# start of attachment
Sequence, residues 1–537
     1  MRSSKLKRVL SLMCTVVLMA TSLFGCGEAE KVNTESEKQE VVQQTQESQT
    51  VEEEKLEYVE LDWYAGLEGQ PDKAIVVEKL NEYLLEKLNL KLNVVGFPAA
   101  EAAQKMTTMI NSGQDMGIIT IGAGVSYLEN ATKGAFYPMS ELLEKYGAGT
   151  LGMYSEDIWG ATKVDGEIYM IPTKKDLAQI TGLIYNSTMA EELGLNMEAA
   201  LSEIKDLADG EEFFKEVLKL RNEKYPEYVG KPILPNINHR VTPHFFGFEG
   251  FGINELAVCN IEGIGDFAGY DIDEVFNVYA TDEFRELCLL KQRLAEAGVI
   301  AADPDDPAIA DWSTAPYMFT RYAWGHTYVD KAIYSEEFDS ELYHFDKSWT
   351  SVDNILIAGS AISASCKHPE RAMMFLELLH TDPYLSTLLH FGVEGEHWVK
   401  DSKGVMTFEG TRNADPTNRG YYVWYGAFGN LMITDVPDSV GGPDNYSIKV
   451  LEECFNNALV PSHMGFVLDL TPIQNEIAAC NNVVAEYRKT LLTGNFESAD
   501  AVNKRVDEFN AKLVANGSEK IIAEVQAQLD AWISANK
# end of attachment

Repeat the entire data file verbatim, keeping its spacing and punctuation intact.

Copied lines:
Sequence, residues 1–537
     1  MRSSKLKRVL SLMCTVVLMA TSLFGCGEAE KVNTESEKQE VVQQTQESQT
    51  VEEEKLEYVE LDWYAGLEGQ PDKAIVVEKL NEYLLEKLNL KLNVVGFPAA
   101  EAAQKMTTMI NSGQDMGIIT IGAGVSYLEN ATKGAFYPMS ELLEKYGAGT
   151  LGMYSEDIWG ATKVDGEIYM IPTKKDLAQI TGLIYNSTMA EELGLNMEAA
   201  LSEIKDLADG EEFFKEVLKL RNEKYPEYVG KPILPNINHR VTPHFFGFEG
   251  FGINELAVCN IEGIGDFAGY DIDEVFNVYA TDEFRELCLL KQRLAEAGVI
   301  AADPDDPAIA DWSTAPYMFT RYAWGHTYVD KAIYSEEFDS ELYHFDKSWT
   351  SVDNILIAGS AISASCKHPE RAMMFLELLH TDPYLSTLLH FGVEGEHWVK
   401  DSKGVMTFEG TRNADPTNRG YYVWYGAFGN LMITDVPDSV GGPDNYSIKV
   451  LEECFNNALV PSHMGFVLDL TPIQNEIAAC NNVVAEYRKT LLTGNFESAD
   501  AVNKRVDEFN AKLVANGSEK IIAEVQAQLD AWISANK